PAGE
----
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Shhhh ... I'm taking your wallet

March 4, 2009 | 10:56 am

Library250 If even for an hour or two, the Richard J. Riordan Central Library downtown has always been a great place to trade in the hectic pace of the outside world for the slower, more civilized world of books and ideas.

But Los Angeles Police say the crown jewel of the city's library system recently earned a dubious distinction: It had more thefts last year of personal property -- excluding shoplifting -- than any location in the downtown area.

LAPD Lt. Paul Vernon said there were 31 theft reports filed in 2008, including wallets and purses, followed  bicycles, laptops and other electronic equipment. This year, there have been eight reported thefts -- four for bicycles versus three bikes for the entirety of 2008 -- on pace to surpass last year's total.

To put it in perspective, the leading location for stolen items in the LAPD's Central Division was Macy's, with 94 shoplifting reports, all resulting in arrests. No arrests have been made in the library thefts this year or last, Vernon said.

"Part of the message is that people need to be more aware of their surroundings and not to be naive to crime," Vernon said. "It's easy to get lost in thought at the library and leave your belongings behind. What people don't realize, there's someone watching and waiting for you to walk away."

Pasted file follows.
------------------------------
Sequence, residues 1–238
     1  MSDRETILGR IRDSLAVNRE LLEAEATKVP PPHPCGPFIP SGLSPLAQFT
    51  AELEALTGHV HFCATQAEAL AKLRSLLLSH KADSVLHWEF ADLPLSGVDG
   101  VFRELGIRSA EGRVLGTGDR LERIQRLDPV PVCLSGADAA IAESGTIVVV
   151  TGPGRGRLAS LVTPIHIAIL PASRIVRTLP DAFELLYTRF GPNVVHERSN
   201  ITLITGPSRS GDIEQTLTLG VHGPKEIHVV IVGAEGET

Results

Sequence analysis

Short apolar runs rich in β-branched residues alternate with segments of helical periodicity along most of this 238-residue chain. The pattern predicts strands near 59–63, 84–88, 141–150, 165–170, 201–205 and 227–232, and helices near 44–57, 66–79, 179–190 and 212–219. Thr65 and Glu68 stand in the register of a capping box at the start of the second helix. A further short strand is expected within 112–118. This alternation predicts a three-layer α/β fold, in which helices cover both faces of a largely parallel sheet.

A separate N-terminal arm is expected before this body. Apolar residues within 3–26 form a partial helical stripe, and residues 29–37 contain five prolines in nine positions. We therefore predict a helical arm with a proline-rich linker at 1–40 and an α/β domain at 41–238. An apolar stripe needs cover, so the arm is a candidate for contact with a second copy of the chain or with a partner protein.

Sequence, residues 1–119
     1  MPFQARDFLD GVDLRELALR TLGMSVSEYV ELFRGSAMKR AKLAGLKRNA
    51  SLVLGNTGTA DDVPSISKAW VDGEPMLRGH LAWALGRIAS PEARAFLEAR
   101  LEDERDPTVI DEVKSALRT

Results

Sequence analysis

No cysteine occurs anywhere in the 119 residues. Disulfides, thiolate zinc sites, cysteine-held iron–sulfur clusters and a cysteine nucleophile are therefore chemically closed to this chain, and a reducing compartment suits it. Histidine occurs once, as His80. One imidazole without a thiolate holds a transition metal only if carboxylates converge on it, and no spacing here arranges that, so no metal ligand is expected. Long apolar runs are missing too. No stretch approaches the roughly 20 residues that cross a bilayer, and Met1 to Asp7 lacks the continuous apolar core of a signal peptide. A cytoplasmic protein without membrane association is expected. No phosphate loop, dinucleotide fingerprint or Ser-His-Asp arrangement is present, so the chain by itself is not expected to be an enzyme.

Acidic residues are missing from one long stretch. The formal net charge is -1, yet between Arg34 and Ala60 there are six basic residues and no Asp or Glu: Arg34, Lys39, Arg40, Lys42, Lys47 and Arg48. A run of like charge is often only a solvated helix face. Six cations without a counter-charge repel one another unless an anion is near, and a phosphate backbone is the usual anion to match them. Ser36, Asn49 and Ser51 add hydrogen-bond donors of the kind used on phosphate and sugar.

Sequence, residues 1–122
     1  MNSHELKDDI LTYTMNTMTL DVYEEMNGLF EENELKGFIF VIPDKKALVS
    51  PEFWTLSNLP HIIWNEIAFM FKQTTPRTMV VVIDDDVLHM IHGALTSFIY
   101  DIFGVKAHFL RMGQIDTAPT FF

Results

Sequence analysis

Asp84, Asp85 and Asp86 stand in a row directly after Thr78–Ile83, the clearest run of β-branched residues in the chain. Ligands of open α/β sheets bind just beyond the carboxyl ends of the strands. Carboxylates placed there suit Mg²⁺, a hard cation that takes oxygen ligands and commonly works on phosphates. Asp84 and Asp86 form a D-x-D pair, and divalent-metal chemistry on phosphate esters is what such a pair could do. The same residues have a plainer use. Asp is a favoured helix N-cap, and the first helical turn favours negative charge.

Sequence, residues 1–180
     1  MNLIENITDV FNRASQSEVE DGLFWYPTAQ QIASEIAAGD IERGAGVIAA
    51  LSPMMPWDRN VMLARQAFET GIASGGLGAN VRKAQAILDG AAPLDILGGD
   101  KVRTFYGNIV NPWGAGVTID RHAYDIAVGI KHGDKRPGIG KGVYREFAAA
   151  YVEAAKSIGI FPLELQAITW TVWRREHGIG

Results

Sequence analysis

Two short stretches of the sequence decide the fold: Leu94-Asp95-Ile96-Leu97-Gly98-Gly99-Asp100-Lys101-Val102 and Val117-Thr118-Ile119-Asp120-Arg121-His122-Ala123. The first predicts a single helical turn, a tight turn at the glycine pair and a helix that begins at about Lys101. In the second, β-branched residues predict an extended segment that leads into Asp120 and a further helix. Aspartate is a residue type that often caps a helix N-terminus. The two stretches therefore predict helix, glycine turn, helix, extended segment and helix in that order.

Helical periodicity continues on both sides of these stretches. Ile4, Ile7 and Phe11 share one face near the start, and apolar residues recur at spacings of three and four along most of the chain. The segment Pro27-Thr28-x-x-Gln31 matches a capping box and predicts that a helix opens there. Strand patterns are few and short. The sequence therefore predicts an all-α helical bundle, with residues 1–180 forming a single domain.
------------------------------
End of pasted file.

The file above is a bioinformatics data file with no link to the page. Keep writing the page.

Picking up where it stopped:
Most of the thefts have been reported between noon and 6 p.m. and most likely involve habitual drug users looking for items that can easily be cashed in as a means of buying drugs. A favorite target for thieves is the history department in Lower Level 4.

Vernon said it's no surprise that thieves favor the area because it's "the most remote place in the library." Although the library has security cameras, Vernon said "they do not record and are rarely monitored." Police are working with the library to try to address the issue.

Gary Newton, chief of General Services' office of public safety, which is in charge of security at the library, said cameras are expensive to upgrade, and they are only one piece of an overall security strategy.

"Most of these thefts are crimes of opportunity," Newton said. "By educating those who patronize the library, we can substantially reduce these thefts."

He noted at least one security officer is monitoring the library cameras 24 hours a day. But given the size of the facility and security staffing, there are limits to the number of cameras that can be monitored at one time.

Library spokesman Peter V. Persic said today that the library faces challenges in monitoring a building that is half a million square feet and used by 7,000 people on a daily basis.

"I don't think there's another facility downtown -- or anywhere else in the city -- that is that large and has that many people coming through on a daily basis," Persic said. "We face the same challenges that every other public place faces. We are working with the office of public safety to remind patrons to keep a watch on their personal items."

-- Andrew Blankstein

Photo: LAPD officers outside the central library. Credit: Richard Hartog / Los Angeles Times